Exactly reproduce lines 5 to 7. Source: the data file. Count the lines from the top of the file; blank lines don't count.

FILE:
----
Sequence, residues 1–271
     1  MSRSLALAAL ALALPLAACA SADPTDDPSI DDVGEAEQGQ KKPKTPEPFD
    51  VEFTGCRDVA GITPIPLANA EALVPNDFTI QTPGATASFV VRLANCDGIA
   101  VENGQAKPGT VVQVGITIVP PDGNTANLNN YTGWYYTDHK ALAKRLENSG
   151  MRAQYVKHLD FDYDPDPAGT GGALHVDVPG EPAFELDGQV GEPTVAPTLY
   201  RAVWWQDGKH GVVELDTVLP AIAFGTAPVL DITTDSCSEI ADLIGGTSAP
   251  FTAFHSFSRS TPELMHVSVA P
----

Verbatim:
   151  MRAQYVKHLD FDYDPDPAGT GGALHVDVPG EPAFELDGQV GEPTVAPTLY
   201  RAVWWQDGKH GVVELDTVLP AIAFGTAPVL DITTDSCSEI ADLIGGTSAP
   251  FTAFHSFSRS TPELMHVSVA P